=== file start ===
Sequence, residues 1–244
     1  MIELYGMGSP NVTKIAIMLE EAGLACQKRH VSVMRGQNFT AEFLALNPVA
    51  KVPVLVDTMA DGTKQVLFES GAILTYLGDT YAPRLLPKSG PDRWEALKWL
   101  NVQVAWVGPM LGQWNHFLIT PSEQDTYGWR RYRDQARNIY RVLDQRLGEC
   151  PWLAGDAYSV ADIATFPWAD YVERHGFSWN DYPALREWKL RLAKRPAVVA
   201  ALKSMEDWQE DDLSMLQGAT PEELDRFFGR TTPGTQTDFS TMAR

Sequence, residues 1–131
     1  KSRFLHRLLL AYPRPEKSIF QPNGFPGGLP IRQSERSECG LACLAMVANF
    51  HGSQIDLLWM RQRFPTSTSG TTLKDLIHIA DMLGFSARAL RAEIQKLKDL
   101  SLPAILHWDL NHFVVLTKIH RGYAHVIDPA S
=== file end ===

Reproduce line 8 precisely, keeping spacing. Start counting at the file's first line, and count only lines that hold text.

     1  KSRFLHRLLL AYPRPEKSIF QPNGFPGGLP IRQSERSECG LACLAMVANF